"When I arrived at Holman State prison 18 years ago, I was so much of a new fish out of water, slang for new prisoner that I swear scales used to fall off of me as I walked! ?So I didn't know any better when I had my very first encounter with one of the most respected inmates on death row whow everyone calle ARTHER JULUIS. He lived only a few doors down the tier from my cell and each time i saw him I would be friendly and tell him hello, or say what's up?!?! At first the big man paid no attention to me, but after several weeks, he began to acknowledge me and accept my new presence in his small world by returning the salutations I offered. About 5 or 6 weeks passed, when one day as I was making my way back to my cell, I found an envelope on the floor at his cell door. Stopping, I picked it up and gave it to him! The name on the envelope didn't strike a chord, but the cell number written on it did. Well, hesitantly I still gave it to him and ARTHER JULUIS was sitting on his bunk, the top half of his body bent over the makeshift small little tables in these cells. He always looked so stone-
Like everyone else, I was unsure as to whether or not to interrupt him, so I decided to press on anyway. ARTHER JULUIS, I called. He responded with a look that resembled more of an annoyance than curiosity. I slid the letter up onto the bars of his cell. I found this on the floor. Leaping up, ARTHER JULUIS snatched the letter off the bars, reminding me of a lion wanting some meat to eat. He said that he didn't want the letter, and that's why I threw it on the floor! Did you read it? While holding the letter protectively in his big hand. I assured him I hadn't and busied myself with looking at the various pieces of artwork that lined his cell walls. Well, changin the subject, I began to compliment him on the drawings.
Somehow we bured ourselves in a deep conversation about art and we found we each hat so much in common with the other. We must have talked for an hour or so straight. Then I asked him why you didn't want that letter? He told me that he coudn't read, and I told him if you teach me to draw, I will teach you to read, so we became each others teachers! So, he became my art-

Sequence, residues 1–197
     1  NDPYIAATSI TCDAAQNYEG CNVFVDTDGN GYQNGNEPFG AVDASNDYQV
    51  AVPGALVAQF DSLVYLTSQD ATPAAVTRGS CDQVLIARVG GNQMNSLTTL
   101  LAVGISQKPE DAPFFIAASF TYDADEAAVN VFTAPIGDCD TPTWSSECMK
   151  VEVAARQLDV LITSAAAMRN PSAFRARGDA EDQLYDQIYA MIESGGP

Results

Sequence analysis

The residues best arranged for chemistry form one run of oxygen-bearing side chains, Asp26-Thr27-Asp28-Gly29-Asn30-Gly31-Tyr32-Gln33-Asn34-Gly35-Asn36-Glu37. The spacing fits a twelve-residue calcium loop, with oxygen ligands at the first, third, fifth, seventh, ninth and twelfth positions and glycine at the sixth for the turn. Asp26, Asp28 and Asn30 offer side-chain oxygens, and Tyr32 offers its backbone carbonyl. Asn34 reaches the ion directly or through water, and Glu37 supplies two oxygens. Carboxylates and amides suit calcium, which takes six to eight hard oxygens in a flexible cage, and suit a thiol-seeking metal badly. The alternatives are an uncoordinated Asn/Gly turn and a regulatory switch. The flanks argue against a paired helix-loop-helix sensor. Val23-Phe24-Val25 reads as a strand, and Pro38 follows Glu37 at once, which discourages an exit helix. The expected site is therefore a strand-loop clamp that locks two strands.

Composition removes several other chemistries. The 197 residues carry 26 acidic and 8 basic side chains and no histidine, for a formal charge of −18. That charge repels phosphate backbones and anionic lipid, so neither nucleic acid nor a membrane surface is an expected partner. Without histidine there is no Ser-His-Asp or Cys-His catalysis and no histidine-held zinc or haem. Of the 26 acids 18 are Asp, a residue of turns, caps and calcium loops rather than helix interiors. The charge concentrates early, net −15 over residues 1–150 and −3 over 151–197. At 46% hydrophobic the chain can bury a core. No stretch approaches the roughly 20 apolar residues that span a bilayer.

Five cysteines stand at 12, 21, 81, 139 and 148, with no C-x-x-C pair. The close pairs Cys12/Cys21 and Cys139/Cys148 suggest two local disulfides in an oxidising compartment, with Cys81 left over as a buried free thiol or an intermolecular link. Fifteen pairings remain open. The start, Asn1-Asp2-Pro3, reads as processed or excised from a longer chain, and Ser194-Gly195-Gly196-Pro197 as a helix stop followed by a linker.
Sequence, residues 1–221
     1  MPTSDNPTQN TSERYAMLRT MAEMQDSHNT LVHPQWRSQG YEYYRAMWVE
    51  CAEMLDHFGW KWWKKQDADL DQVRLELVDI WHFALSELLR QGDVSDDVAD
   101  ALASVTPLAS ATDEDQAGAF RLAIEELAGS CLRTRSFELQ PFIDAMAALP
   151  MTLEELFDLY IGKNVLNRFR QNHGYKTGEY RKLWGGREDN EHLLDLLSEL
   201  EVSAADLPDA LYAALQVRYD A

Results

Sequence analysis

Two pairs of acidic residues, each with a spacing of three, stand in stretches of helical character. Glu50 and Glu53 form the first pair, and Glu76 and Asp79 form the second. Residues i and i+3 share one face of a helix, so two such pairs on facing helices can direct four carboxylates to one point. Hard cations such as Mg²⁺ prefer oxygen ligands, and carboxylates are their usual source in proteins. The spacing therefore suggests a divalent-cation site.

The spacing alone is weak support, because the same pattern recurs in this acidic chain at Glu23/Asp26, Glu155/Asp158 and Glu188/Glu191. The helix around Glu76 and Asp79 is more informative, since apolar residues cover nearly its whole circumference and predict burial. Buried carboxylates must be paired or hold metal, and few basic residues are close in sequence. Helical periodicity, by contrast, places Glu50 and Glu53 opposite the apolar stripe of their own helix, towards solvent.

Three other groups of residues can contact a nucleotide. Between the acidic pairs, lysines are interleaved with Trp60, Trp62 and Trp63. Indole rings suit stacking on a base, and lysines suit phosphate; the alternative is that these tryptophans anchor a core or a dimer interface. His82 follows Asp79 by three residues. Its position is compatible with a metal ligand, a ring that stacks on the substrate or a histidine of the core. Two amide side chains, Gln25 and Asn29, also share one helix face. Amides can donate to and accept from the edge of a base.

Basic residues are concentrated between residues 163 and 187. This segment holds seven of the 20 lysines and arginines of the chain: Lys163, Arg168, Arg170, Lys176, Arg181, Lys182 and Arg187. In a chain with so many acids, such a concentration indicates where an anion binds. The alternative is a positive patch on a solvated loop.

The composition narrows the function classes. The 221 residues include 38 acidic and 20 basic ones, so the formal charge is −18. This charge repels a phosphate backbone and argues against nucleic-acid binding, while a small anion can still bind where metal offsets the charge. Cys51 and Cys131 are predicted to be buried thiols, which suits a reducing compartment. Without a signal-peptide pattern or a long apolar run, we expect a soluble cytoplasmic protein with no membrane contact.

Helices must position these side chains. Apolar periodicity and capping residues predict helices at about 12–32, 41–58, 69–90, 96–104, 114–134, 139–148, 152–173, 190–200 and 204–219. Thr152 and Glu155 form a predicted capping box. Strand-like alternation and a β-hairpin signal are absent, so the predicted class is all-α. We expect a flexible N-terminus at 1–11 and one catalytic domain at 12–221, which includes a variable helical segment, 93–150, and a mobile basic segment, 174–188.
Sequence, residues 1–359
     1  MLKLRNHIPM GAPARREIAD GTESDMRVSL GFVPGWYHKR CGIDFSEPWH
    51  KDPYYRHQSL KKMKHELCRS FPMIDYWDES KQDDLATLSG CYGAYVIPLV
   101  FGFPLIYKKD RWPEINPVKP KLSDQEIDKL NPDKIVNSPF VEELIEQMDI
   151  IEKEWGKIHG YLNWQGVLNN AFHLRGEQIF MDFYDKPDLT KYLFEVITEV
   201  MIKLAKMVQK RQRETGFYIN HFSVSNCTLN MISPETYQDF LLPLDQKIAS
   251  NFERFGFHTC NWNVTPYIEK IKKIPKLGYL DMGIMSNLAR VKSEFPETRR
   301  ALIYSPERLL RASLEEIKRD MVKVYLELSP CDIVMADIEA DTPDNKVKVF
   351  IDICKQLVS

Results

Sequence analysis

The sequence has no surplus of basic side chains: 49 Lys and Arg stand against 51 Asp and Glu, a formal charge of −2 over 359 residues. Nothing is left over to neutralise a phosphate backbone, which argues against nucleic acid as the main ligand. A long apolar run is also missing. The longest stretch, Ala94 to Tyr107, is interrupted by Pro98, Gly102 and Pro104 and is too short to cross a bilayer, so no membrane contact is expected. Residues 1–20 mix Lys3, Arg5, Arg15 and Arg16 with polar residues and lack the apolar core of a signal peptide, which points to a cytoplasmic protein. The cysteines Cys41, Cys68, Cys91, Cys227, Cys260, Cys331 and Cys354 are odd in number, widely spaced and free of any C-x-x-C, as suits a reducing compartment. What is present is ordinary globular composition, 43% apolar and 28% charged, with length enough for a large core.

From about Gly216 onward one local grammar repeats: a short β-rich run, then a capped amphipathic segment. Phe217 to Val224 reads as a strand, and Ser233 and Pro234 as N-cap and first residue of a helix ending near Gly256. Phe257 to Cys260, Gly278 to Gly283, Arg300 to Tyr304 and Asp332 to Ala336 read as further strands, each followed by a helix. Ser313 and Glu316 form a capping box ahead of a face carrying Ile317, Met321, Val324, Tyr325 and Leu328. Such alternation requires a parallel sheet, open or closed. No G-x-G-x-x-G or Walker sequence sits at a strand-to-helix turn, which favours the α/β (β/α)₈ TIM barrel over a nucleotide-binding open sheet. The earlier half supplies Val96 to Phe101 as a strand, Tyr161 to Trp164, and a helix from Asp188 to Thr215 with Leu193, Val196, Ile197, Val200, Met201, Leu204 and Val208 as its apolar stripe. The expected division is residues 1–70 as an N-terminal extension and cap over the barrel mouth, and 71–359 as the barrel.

Imagine my surprise when he pulled his hand back up and placed the letter I had found on the tier floor at his cell. He looked at me as if attempting to determine his next step. Then almost shyly, this strong and very proud man explained to me that he received many letters, but that he could not read any of them.
At first I didn't comprehend the meaning of his words. He sat there with his granite stare, eyeing me. Then out of nowhere, I told him if you want me to, I will read it for you and without a word ARTHER JULUIS game the letter to me to read. Opening it, I looked at the date it bore and took note that the letter was about 2 months old. A quick peek at the postmark on it confirmed the fact, and I realized that he must have been carrying this letter with him for all that time, but could not read it!
The letter was from his daughter and as I readed it to him, his face softened with each word I relayed. Soon he was smiling to ear-
In that instant I realized just how powerful family-
The sad part of this story, we never found out what she tought of these things ARTHER JULUIS sent, because he was put to death before receiving a reply. But I still like to think that his daughter was as happy to hear from her father as he was to hear from her. I came into his life at the right time.?
This letter should be required reading for all of the group.I also encourage you all to think about these word in this letter as a way of showing that we all to can make a difference on our lives by mail and I pray that my stories will make you wake up and see that people on death row are human-
Holman unit 3700, 0 -
Atmore, Alabana 36503